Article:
The beginning of a collapse this century of sections of the Antarctic ice sheet would disproportionately inundate coasts circling the U.S. — the country that has done more than any other to pollute the climate.
While such a cataclysmic outcome of warming temperatures from greenhouse gas pollution is considered unlikely, recent studies have shown it’s more plausible than previously thought.
Projections for an extreme sea level scenario for New York City under NOAA's new guidelines.
Based on that research, the federal government increased its worst-case scenario for the rise of the seas worldwide by a quarter in January compared with 2014 findings, up to an average of more than 8 feet by 2100.
This article was originally published at Climate Central
The impact would be even worse around the U.S. A National Oceanic and Atmospheric Administration report warned that regional effects of gravity and ocean current changes triggered by the start of the ice sheet’s collapse could lead to more than 12 feet of sea level rise engulfing some coastlines in the Lower 48. That’s about the height of a one-story house.
NOAA’s extreme sea level rise scenario would leave many American coastal cities almost completely submerged. For example, unless hulking new defenses are built to protect against floods, portions of New York City that are currently home to more than 800,000 would be underwater, Climate Central analysis of NOAA data shows.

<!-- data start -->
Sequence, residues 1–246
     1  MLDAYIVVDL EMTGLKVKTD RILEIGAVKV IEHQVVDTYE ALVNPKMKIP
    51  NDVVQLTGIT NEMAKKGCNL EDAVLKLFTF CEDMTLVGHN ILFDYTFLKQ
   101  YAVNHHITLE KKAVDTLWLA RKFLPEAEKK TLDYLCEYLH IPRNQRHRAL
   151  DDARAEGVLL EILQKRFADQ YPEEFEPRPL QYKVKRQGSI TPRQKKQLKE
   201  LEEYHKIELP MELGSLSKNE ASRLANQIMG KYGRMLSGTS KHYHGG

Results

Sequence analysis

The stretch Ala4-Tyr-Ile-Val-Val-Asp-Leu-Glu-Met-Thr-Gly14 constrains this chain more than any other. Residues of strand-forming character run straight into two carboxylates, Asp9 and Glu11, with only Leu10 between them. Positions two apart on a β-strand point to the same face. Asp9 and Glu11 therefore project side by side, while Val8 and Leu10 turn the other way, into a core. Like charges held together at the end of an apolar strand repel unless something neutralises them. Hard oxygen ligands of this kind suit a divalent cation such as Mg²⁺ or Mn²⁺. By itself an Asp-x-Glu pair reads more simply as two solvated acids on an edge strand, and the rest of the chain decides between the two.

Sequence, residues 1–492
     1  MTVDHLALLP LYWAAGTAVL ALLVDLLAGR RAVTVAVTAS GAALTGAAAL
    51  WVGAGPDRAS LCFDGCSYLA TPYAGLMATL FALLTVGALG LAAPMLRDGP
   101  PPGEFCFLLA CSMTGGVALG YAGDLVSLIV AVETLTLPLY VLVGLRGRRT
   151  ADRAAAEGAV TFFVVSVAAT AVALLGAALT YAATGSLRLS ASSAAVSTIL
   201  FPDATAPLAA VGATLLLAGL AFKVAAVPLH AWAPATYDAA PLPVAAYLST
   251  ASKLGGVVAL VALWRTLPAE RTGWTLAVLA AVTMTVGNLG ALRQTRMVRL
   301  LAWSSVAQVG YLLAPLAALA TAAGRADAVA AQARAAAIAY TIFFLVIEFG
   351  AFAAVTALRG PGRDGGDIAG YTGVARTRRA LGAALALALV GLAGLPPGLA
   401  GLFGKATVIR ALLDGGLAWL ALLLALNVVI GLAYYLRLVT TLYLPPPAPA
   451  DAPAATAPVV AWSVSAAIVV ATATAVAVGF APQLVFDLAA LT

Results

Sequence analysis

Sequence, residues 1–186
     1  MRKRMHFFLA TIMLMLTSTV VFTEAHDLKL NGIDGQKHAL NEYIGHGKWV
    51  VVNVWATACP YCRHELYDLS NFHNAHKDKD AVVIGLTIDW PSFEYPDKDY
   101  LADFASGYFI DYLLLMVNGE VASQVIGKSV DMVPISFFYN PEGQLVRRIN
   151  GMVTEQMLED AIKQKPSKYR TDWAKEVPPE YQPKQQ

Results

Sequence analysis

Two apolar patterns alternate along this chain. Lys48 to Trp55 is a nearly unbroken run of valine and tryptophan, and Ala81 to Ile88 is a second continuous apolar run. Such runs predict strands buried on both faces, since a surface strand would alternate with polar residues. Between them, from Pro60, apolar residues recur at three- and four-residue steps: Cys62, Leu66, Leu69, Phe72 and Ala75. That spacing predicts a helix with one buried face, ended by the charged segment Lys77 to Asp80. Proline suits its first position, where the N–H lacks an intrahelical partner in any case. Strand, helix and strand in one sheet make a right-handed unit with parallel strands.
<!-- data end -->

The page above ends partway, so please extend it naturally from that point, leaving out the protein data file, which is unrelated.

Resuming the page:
“It’s a scenario that we hope never occurs,” said William Sweet, a NOAA oceanographer who coordinated production of the agency’s sea level report, published in January. “It’s probably very unlikely, but definitely possible.”
Miami, Virginia Beach, Boston and even Stockton, a river port city in California’s Central Valley, face some of the greatest risks. Climate Central researchers on Wednesday published a report, maps and 3D renderings viewable in Google Earth showing the potential impacts nationwide.
There may be a 1-in-1,000 chance of the extreme scenario playing out if current pollution trends continue, though researchers say the figure is speculative, with more study needed. The likelihood nearly entirely vanishes if the global economy transitions quickly from polluting fuels to clean energy, as is envisioned by the Paris climate treaty. Weak climate policies and high pollution trends mean the world is not on track to meet the treaty’s central goals.
While it can be easy to dismiss the possibility of low-probability events occurring, they sometimes do occur.
The surprise western path taken by Hurricane Sandy into New York and New Jersey is only expected once every 700 years. By one estimate, California had a 1 percent chance of escaping its deep drought within two years — long odds it recently overcame. And President Trump won the election despite polls showing he had a slim chance of doing so.
The extreme sea level scenario was included with others in NOAA’s report to help local governments, agencies and other planners prepare for potential future shoreline conditions.